The National Science Foundation (NSF) has a challenge for science and engineering visualizations published. I am not sure if I have some visualizations that would qualify for the challenge. But maybe some of you have security data that could make the bar. I think it would be great to draw attention to visualization in the security space. So if you have something. Submit it!
The red pillar in the image shows the barrage of HTTP requests over the whole content space (Z axis, vertical) from a single IP address (Y axis, horizontal). The red color is due to 5xx status code of the response. My article
A New, Improved Visualization for Web Server Logs has more details. Raju Varghese (raju -at- intellisoft.ch).
On his blog, Anton started an entry about logging and gets into the topic of too many logs. I was suggesting visualization to analyze the vast amounts of logs in order to get a better handle/understanding of them. Anton countered with this:
Is this really the place to start a visualization fight? :-) You know what my issue with visualization are: - tools need really skilled analysts - often the resulting picture is no more insightful than the original log pile - I kinda prefer an analytic system which is smart to a visualization system which is... not so smart. Let's move this discussion to secviz :-)Here ya go. To answer Anton's objections:
Another excellent paper or in this case a survey. The authors do a great job of surveying the space of structured data visualization. They explain very well what graph layouting is, what the different algorithms are, where the problems are hidden, what the solutions are, how interaction plays into all of this, and also discuss three-dimensional views and what their benefit is. Awesome survey, really worth reading if you are interested in graph layouts.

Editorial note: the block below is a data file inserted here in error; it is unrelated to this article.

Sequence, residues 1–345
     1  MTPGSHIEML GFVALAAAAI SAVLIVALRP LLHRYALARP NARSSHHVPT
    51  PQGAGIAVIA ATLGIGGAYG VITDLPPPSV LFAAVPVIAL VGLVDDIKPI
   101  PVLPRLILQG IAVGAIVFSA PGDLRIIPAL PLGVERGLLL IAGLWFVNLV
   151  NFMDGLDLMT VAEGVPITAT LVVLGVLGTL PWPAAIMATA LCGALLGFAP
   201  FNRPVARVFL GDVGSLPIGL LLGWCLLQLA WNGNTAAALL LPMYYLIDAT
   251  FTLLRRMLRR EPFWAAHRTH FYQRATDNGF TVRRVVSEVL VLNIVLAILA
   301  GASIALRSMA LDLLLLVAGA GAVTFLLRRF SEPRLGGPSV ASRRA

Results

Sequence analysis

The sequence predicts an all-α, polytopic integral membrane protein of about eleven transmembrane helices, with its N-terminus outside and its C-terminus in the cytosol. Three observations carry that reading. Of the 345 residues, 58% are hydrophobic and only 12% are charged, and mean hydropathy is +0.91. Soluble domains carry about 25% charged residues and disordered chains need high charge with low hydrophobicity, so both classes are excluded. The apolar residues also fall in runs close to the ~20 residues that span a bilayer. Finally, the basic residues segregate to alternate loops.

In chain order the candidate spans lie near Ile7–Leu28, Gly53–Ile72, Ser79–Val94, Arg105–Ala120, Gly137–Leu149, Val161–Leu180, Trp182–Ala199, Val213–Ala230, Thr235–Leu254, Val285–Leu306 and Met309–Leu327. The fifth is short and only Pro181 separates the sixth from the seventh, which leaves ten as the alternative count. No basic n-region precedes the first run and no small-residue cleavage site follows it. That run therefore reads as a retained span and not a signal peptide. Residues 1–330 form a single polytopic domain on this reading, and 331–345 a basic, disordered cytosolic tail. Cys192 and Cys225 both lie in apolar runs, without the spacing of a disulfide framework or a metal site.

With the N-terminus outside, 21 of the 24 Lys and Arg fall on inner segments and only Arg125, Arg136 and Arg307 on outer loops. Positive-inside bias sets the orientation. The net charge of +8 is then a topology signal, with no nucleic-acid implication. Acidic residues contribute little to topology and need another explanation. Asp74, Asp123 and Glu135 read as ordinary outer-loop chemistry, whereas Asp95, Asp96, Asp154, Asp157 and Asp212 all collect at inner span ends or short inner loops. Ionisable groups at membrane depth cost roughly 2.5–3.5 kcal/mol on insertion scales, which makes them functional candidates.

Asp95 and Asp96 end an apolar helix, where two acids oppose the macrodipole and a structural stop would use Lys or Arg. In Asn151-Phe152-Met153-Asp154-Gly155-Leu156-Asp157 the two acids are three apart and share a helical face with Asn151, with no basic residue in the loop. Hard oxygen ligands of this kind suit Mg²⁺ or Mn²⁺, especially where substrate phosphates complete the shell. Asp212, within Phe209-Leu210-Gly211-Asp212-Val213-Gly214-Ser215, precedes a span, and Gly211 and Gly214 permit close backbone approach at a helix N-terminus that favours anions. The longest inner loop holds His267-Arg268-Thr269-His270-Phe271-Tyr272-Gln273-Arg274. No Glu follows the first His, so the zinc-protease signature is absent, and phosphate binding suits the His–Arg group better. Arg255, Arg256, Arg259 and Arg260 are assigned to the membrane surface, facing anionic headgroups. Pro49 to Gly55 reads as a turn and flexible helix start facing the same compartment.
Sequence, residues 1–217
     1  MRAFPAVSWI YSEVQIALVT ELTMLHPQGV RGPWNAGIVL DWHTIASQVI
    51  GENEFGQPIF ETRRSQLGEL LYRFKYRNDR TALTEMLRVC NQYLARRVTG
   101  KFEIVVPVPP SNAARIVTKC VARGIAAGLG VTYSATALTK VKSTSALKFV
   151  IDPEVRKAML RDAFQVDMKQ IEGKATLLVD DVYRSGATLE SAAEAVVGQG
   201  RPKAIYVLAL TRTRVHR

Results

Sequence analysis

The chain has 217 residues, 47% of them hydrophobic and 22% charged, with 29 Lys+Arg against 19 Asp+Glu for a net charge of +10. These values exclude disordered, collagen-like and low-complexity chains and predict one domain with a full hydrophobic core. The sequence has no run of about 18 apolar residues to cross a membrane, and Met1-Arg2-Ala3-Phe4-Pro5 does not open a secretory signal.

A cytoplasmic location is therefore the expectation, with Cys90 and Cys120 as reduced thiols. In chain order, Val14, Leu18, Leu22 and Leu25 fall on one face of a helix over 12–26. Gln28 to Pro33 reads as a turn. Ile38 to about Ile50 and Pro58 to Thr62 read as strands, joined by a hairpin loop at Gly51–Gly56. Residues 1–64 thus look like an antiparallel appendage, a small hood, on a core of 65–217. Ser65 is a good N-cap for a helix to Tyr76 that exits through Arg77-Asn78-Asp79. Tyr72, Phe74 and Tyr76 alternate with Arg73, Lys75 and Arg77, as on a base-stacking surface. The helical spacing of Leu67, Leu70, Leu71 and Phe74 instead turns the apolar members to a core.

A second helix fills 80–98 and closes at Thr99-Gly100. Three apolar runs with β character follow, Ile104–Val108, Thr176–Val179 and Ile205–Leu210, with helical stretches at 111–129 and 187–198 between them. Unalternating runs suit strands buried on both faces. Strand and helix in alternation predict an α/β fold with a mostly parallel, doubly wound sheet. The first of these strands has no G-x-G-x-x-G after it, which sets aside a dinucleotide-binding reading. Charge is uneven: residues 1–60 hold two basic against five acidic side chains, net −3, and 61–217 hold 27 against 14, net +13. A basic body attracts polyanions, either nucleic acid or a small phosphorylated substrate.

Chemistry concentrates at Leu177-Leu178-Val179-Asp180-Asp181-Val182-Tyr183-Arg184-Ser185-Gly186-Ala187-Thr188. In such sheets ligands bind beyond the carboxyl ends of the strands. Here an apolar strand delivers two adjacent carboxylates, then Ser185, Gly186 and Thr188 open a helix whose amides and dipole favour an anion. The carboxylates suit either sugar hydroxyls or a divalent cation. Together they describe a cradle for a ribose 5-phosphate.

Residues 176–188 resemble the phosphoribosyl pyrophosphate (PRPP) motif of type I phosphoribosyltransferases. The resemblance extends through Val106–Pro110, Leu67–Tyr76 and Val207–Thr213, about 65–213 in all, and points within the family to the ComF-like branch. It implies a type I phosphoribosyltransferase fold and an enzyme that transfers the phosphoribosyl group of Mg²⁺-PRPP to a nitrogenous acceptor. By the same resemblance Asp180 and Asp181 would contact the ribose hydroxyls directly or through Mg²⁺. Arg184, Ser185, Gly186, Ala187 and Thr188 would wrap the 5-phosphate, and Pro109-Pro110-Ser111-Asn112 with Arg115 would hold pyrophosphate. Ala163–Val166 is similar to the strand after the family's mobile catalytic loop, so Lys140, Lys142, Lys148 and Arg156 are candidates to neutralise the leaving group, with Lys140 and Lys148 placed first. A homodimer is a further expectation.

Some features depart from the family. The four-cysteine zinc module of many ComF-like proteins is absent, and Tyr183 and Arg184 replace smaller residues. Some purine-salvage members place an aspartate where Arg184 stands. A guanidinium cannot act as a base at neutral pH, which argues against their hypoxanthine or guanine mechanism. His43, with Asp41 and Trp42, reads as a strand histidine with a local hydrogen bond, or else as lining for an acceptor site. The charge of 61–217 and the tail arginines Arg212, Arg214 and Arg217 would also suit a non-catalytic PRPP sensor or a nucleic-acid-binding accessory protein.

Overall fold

I read a fantastic paper on visual perception. A must read for everyone designing visual systems. The paper is called Perception in Visualization, written by Christopher G. Healey. The paper is very very practical. It presents the theory behind perception very well and always gives examples. Some of the topics covered are:
It is fairly interesting to see how security prodcuts are maturing. In the last couple of years I have seen quite some progress in products using visualization. Let's look back a few years. Network-based IDSs, for example, logged events in a log file; text [and some still do!]. Over time, reporting was added; a way to summarize historical data. Drop a pie-chart on the report and you have something that you can hand to your collegues. Shortly after that dashboards came about. Finally we had something to show to our managers, not just our peers. Most products have a dashboard today. Not all of them are very useful, but at least they have one ;) The next evolutionary step was to link the dashboards with the data itself. Drill-down was added.